The general rule of thumb is to avoid anything too oily. And if you’re going to apply eye cream, we recommend using it in the morning as opposed to at night so it doesn’t travel into your lashes. Stick to nonoily makeup removers as well: we recommend using micellar water with a cotton swab to remove makeup around your eyes (with cotton pads, fibers will stick to your lashes), whereas we prefers presoaked oil-free makeup-removing pads.
Can you wear eye makeup with eyelash extensions?
We don’t recommend using mascara with lash extensions, even the so call “extension-safe” mascaras. Why? Because when you attempt to take it off at the end of the day, you can actually cause your extensions to break from the friction and makeup remover. You just splurged on lashes—don’t jeopardize them!
Also stay away from waterproof eye makeup; removing it will take a toll on your eyes and can break down the lash glue. We also recommend avoiding loose powder or glittery eyeshadows, which can build up on the roots of your lashes, eventually weakening them and leading to breakage. And if you’re devoted to liner (though you may find you no longer want it), stick to gel and liquid formulas that won’t tug at your roots.
You’ll have to relearn how to wash your face.
There is nothing as jarring as leaning into a sink, washing your face, and accidentally bumping your extensions. It feels incredibly strange and many a lash have been lost this way. Here’s the technique that we recommend: Get as low as possible to the sink—gently splash water on the bottom of your face and forehead. Then carefully suds up the lower half of your face and forehead, rinsing it clean by lightly dabbing and doing a light, outward pulling motion. After that, use your fingers to wet around your eyes with any leftover cleanser, following with water. No scrubbing.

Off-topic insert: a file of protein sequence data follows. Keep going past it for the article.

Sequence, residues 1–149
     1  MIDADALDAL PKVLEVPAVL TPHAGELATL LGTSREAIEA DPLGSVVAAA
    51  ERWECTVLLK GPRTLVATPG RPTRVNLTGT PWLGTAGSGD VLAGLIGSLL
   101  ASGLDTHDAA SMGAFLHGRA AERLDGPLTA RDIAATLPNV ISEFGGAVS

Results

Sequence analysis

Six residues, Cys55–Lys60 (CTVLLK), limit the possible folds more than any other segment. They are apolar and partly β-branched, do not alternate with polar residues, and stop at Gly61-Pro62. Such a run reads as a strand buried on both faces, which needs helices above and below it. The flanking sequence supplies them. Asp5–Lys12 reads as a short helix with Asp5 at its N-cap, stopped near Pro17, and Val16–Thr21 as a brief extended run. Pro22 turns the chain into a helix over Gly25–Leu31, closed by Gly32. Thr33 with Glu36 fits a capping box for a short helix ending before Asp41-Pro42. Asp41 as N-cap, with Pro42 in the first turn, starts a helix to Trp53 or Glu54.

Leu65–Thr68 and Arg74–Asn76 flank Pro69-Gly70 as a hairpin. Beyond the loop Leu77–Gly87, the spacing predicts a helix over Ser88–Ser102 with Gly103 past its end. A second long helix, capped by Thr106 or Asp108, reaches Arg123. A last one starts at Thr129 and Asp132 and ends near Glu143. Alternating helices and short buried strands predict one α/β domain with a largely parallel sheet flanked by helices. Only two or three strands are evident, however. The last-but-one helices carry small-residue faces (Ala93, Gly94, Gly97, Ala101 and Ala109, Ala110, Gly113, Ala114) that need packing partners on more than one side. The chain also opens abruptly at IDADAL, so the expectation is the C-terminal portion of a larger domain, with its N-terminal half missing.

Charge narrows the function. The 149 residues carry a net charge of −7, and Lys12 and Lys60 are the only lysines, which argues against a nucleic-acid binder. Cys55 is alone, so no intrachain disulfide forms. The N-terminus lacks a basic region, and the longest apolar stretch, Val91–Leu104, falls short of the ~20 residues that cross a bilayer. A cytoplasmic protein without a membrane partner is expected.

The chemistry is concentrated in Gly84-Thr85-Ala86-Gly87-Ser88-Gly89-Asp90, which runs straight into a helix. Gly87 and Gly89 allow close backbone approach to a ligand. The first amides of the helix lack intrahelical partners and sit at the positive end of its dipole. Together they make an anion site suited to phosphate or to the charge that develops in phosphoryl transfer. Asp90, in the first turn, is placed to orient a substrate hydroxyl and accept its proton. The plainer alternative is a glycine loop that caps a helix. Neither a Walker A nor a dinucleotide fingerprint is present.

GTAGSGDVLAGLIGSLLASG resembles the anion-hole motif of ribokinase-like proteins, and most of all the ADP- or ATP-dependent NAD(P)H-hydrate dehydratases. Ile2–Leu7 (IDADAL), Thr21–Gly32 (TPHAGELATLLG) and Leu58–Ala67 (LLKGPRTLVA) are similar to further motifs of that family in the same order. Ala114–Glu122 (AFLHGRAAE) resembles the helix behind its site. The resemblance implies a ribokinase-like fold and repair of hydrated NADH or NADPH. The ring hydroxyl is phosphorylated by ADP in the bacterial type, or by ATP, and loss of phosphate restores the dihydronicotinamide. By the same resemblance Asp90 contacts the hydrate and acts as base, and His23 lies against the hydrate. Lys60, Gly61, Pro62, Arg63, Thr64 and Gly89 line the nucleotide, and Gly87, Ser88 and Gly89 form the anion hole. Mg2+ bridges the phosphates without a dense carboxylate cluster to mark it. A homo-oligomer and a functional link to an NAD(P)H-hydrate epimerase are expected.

And give your eyes extra attention.
Because you’re not washing your eye area as thoroughly as usual, you can and will get residue buildup, particularly at the lash line. Even if you don’t put eye makeup on, there’s still outside impurities and dust that can get trapped. We recommend mixing distilled water with a little bit of tear-free baby shampoo and use the mixture to thoroughly clean your top lids and the bottom of your eyes.
Should you brush your lash extensions?
Lashes get tangled when you’re sleeping and showering, so it’s required that you gently brush your lashes with a clean spoolie brush when you wake up, after you shower, and at the end of the day. We end every appointment by handing you a soft spoolie and demonstrating how to comb your lashes daily. Here’s how it’s done: Looking down, support underneath your lashes with your pointer finger. Then gently twirl the spoolie on the top side of your lashes (the opposite of how you’d apply mascara; brushing that way will tug at the hair). It takes five seconds out of your day and it goes a long way.
Never—ever!—pick at your lashes.
The only way to remove eyelash extensions is with a pro—period. You’ll end up tearing out or breaking your lashes if you try to do it yourself, and it’s not worth it. That doesn’t mean you have to remove them; you can also just wear them until they all cycle off. Typically they last around three to four weeks, but don’t be surprised if you find yourself back for refills before then. They’re addict like that not to mention until you adjust to the eyelash extension care process including sleeping on your back you’ll tend to shed lashes more quickly.
Basically, the most important thing to remember with eyelash extensions is to be extremely gentle. You can’t stumble home at 2 a.m., rub your tired eyes with the back of your hand, and fall asleep face-first on your bed. No, you must treat your lashes like the $200 investment that they are. “Rubbing your eyes at all will result in immediate lash breakage,” warns Richardson. She also recommends investing in a satin pillowcase, as sleeping an ordinary cotton sham can cause drying or lash snagging.
The Final Word
From minding how you sleep to what you’re putting near your eyes, it’s clear that maintaining eyelash extensions is a delicate art and there’s a lot to think about before you decide to get eyelash extensions. And if you’re feeling overwhelmed by the upkeep and the cost, maybe consider starting small, with a good pair of falsies or a lash lift and tint. In the end, we’ll always admire long lash extensions, but not everyone is willing to live with the extra maintenance that eyelash extensions entail.
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Be sure to learn everything about this awesome program and even send out referrals.